Lone Star Muslims: Transnational Lives and the South Asian Experience in Texas

By Ahmed Afzal | Go to book overview

6
“Pakistanis Have Always Been Radio People”
Transnational Media, Business Imperatives, and Homeland Politics

Radio is a ubiquitous presence in Pakistani public life in Houston. For the Pakistani community that is dispersed throughout the greater Houston metropolitan area, radio is a site of connectivity and convergence that transcends boundaries of class, gender, generation, and geography. In 2001, there were fifteen Pakistani radio programs on the air (see tables 6.1 – 6.3), a high number even for a city with one of the largest Pakistani populations in the United States. A decade later, in 2011, the number had increased to more than twenty programs. As an assemblage of “expertise, material circuitry, listening practices, and sound” (Bessire and Fisher 2012: 20), radio exceeds “any singular heuristic and entails putting multiple interpretative frameworks to work” (ibid.). Pakistani radio in Houston, for example, may be conceptualized as a community-based initiative, a business venture intertwined with the transnational Muslim heritage economy, a mass-mediated practice of diasporic nationhood and transnational religious belonging, or a practice of cultural citizenship.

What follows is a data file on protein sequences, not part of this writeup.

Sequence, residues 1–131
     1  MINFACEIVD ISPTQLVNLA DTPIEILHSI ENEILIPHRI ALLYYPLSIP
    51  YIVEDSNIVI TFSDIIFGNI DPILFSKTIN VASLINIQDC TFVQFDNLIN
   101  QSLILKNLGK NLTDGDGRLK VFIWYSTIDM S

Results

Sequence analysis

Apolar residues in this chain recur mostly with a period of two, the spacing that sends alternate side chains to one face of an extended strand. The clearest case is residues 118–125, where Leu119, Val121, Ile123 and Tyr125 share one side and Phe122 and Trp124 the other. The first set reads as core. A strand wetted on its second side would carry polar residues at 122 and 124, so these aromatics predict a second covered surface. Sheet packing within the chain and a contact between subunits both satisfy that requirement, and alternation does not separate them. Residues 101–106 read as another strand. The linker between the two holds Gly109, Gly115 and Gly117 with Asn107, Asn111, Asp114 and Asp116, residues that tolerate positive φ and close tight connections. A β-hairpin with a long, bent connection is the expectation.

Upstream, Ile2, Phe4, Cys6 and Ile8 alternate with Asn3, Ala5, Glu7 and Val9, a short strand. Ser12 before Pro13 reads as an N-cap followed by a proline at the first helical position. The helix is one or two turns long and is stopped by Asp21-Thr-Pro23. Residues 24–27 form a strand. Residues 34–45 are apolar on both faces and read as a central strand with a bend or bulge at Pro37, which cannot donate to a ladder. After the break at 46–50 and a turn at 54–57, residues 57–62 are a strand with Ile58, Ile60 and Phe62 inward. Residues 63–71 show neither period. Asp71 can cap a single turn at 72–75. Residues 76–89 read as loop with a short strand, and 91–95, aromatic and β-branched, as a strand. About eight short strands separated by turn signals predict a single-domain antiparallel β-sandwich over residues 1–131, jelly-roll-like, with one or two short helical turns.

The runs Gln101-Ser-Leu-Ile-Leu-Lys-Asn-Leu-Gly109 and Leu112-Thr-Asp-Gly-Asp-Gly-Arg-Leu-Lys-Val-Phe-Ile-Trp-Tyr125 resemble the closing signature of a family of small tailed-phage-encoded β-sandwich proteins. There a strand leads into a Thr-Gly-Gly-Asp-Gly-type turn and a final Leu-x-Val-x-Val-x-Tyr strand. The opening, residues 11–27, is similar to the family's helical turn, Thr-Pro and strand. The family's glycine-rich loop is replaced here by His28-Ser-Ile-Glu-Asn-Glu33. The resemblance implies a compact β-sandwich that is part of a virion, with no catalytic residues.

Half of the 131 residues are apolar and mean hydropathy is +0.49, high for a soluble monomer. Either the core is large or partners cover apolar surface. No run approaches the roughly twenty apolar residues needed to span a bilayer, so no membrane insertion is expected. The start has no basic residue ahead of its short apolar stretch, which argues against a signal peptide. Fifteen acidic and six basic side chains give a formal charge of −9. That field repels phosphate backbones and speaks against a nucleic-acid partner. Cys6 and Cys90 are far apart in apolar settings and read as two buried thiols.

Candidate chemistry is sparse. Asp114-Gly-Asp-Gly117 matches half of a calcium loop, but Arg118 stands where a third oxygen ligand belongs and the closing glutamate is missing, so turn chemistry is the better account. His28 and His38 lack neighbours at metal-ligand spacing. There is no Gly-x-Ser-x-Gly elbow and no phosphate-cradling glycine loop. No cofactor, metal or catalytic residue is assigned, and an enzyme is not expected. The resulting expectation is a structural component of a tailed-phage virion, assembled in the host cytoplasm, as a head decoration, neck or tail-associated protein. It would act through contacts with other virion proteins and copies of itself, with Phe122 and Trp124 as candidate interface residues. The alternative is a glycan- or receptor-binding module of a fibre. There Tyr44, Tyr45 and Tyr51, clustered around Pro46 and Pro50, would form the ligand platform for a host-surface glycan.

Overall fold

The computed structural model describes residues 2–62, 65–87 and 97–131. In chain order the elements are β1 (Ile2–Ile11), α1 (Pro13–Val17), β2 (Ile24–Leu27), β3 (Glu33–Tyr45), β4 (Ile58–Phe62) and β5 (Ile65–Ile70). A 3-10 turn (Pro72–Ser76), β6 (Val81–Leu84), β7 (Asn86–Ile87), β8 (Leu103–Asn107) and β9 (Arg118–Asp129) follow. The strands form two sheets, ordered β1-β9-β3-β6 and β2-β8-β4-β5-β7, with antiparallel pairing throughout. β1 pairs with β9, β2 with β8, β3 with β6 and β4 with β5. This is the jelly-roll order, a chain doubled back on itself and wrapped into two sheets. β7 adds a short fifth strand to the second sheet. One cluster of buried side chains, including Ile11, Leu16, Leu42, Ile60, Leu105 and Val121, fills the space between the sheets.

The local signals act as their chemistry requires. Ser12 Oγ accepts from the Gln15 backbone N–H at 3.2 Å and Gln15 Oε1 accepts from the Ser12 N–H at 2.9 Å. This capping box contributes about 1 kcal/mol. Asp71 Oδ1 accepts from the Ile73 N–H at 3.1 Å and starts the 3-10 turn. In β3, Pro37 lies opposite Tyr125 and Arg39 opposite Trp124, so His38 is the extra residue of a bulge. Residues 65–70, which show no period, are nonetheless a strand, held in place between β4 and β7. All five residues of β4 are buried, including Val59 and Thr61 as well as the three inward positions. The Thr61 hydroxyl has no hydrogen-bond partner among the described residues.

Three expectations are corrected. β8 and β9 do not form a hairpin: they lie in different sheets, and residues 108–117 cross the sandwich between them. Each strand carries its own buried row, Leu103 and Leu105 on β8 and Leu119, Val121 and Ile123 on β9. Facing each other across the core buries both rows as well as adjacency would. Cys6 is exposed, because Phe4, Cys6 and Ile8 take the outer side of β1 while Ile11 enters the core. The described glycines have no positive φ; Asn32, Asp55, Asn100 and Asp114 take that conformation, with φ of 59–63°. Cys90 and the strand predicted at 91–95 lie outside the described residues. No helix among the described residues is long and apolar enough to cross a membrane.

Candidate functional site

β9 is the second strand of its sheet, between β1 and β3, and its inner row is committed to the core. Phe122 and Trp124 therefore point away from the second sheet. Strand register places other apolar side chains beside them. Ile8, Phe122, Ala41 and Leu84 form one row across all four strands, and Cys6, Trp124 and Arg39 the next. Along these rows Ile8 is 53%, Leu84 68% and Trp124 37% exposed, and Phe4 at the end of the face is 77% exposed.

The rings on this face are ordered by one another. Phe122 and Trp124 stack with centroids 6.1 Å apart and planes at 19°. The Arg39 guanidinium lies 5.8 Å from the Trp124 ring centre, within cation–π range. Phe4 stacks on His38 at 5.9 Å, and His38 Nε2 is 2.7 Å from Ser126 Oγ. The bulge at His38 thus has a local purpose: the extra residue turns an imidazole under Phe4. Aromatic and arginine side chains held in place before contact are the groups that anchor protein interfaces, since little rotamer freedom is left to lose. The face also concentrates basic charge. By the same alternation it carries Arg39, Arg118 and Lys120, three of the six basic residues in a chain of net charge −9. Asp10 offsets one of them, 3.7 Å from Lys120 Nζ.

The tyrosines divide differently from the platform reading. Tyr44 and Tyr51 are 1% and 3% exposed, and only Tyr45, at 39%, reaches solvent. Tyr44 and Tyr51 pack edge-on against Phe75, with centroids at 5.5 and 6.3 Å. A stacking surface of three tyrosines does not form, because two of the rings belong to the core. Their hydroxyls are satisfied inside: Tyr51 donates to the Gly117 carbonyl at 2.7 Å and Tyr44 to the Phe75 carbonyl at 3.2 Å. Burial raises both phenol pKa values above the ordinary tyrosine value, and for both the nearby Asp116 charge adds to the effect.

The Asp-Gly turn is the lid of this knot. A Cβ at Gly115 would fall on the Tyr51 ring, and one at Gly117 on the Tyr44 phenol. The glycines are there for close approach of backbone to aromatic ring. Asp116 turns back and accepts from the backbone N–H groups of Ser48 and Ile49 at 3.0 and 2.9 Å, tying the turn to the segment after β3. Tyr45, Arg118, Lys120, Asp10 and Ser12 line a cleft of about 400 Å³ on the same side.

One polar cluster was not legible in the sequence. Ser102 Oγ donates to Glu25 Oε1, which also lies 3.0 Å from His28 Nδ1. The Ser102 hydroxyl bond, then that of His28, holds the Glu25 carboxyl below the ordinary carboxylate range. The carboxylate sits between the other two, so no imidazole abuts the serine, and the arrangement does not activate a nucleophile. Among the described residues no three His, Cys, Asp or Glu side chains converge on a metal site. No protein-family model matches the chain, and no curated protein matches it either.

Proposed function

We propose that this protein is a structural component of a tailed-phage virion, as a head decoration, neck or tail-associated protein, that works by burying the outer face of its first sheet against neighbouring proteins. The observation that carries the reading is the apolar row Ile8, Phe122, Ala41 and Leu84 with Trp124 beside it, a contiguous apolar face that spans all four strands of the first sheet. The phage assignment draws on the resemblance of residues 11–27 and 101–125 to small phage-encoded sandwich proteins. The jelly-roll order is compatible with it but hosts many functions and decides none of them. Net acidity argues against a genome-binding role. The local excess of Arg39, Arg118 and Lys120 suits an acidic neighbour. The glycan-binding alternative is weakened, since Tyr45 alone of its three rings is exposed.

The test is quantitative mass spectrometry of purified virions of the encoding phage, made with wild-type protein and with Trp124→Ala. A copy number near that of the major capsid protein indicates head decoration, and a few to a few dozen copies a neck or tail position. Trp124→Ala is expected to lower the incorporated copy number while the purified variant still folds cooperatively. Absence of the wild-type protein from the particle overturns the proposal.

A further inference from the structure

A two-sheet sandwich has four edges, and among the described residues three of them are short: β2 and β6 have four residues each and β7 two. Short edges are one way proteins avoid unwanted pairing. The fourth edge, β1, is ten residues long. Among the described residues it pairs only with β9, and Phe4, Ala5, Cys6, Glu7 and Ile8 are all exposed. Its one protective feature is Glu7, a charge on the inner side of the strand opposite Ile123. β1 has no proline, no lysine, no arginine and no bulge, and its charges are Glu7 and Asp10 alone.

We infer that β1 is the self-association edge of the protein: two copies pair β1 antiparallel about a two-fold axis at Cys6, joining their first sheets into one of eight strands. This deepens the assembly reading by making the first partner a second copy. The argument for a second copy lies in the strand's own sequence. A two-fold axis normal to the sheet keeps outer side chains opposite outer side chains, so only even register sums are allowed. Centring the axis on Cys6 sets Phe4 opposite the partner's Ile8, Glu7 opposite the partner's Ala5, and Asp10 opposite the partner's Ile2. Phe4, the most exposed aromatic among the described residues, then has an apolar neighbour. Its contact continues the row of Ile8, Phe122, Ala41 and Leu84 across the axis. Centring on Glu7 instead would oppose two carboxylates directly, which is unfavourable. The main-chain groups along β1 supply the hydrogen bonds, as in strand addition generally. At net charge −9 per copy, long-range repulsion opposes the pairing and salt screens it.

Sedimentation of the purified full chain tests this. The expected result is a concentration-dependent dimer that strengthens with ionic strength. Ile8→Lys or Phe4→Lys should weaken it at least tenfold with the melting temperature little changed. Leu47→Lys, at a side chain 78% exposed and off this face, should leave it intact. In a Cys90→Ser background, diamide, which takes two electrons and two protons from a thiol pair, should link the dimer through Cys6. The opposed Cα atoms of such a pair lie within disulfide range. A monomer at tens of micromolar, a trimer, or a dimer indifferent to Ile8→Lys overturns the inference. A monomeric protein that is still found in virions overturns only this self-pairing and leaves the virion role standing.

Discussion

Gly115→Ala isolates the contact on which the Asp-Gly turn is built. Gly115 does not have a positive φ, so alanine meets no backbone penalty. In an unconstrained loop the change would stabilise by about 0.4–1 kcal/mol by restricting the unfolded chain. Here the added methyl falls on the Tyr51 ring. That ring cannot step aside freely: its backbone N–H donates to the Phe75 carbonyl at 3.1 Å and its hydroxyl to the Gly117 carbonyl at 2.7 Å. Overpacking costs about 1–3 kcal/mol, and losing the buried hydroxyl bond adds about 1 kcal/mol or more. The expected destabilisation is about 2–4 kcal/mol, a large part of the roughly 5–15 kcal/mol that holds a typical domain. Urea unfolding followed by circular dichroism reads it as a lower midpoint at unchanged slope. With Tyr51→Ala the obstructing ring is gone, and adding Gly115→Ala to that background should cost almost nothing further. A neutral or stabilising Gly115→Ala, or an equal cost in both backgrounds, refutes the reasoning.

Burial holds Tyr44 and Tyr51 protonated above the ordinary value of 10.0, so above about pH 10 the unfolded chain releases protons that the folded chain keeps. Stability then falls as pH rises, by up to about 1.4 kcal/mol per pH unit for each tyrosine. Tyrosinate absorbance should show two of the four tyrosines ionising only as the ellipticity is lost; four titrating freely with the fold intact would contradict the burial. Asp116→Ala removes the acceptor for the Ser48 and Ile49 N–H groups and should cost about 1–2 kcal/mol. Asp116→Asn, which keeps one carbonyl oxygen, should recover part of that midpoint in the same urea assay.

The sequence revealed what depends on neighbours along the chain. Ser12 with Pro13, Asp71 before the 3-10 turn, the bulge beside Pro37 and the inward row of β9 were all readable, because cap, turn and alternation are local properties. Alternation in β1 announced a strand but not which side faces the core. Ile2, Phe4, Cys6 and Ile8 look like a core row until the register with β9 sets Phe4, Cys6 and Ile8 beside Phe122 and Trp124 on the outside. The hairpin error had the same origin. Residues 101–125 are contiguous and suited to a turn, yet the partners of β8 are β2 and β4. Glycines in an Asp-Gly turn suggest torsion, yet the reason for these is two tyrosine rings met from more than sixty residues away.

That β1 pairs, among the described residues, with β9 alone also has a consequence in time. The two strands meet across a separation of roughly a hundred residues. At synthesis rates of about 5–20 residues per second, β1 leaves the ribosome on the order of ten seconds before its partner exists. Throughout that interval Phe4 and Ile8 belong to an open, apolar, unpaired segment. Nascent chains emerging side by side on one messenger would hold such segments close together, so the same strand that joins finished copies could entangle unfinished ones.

The Houston-based Pakistani radio programs provide a number of benefits: news reports focusing on culture and politics in South Asia, the Muslim world, and beyond; culturally specific entertainment such as airplays of Indian and Pakistani songs and music; information about local South Asian businesses and services and a calendar of local South Asian cultural and religious events; and a venue for advertising South Asian ethnic businesses based in Houston.1 Mohammad Omar, whose narrative appears in the preceding chapter, routinely appeared on these radio programs as an invited panelist or as a promoter for an upcoming event of the Pakistani American Organization of Houston.

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